Today we spoke about Thomas Aquinas and the hylomorphic account of nature. Hylo-morphism means “Matter-Form-ism”, and that’s because hylomorphists maintain that a substance is composed of matter plus form. Living things are substances, and they will always be the first examples for philosophers like Aquinas. Thus you are a substance, meaning that you are made of a structure in a physical stuff. Without the structure, you’d be just a heap of parts. Without the physical stuff, there would be no place for you to exist.
The theory of substance is supposed to help account for change. Ancient philosophers were puzzled about how things can change and yet stay the same. Aristotle’s answer - which Thomas Aquinas picked up and defended - was that whenever something changes, something else does stay the same, and the change occurs in that thing. Our first example of this (because remember, we always start with living things) is in animals like us. We change: we grow heavier or lighter, fuller or emptier, more or less tired. These are accidents that occur in the substances that we are, or, if you want to think of substances in the sense that they are the things that remain the same while something changes, in the subjects that are us. For example, when I’m hungry, I am actually unfed but potentially full. Being hungry and being full are two ways in which I can continue to be me.
But what makes Aquinas’ Aristotelian account so powerful is that you can take that same model and apply it to other stuff. Most of the time, any substance you find is made of things that function like substances. I am a form in matter, but my parts (my heart, my eye, etc.) are also forms in matter. It scales. Whatever natural changes you are considering, you look for a subject - the thing that remains the same while other things change. Why do leaves change colour? There’s a substance (the leaf) that is potentially red or yellow, though it may be green now. Artifacts (anything made by human beings that isn’t alive) aren’t true substances, but we can still use the model. My computer is built so that it running MS Word or running Google Chrome are both potential present in it as a subject. And Aquinas theorizes the existence of ‘prime matter’, which is the ultimate subject. If there’s no other matter in play, then a thing would be made of totally formless stuff: prime matter. Of course, we never encounter prime matter in real life, because it would be totally shapeless and unformed.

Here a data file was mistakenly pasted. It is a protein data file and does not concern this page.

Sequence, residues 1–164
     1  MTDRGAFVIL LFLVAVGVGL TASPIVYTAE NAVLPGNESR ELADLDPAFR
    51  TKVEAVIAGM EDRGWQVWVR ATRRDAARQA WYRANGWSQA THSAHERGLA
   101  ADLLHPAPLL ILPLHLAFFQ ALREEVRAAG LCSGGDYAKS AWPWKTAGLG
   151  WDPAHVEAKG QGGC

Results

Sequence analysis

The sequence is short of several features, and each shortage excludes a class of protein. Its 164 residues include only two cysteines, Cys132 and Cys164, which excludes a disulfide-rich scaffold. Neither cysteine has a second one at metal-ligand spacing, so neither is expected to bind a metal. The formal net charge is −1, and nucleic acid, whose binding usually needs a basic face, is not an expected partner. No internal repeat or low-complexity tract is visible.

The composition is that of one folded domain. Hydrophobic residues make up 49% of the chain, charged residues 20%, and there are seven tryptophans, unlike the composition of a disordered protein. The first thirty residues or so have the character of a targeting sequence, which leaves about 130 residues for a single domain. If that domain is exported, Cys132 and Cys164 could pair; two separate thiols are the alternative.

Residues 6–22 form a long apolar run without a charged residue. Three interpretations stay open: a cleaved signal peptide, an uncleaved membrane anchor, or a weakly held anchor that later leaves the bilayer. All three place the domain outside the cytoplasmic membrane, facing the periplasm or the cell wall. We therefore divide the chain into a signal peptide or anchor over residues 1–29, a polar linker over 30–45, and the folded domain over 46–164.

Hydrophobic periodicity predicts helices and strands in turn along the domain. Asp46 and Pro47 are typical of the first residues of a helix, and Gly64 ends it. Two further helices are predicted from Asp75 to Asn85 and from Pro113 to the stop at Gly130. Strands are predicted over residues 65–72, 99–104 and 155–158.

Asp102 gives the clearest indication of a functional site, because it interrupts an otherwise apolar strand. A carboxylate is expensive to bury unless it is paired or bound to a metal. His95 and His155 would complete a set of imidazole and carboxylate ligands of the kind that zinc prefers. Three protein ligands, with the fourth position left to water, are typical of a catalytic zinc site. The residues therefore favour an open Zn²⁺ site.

Because of the power of this theory, Aquinas and others like him thought it could account for pretty much all natural change. In every case of change, there is generation and corruption, meaning just that something that is potentially present comes to be and something that is actually present goes out of being. That’s why John of Salisbury’s investigation of what we would call momentum was so troubling. When you throw an object and it keeps flying through the air, what is the subject that changes and remains the same? It’s not natural to a stone to fly through the air, so that’s not a potential for the stone.
Finally, we took a look at the four Aristotelian/Thomistic causes. As I mentioned, you can think of these as four “becauses”, four answers to a why question that begin with the word ‘because’. Most of the time, we find ourselves talking about efficient causes, but a child often means something else. So a child might ask: “Why are trains the way they are?” You might reply: (1) “Because the train is made of metal and fuelled by an engine, and that’s why it is that way.” In this case, you’re pointing to the matter of the train, which is the material cause. (2) “Because the train is a machine that uses an engine to move people along a track.” That’s the formal cause: the structure of the train is what you are pointing to. (3) “Because an engineer designed it and a factory produced it.” Now you’re talking about what actually made the train happen, which is the efficient cause. (4) “Because people need to get around to other cities.” Now you’re talking about what the train is for: the final cause. Aquinas’ point is that we can always give all four of these “because” replies.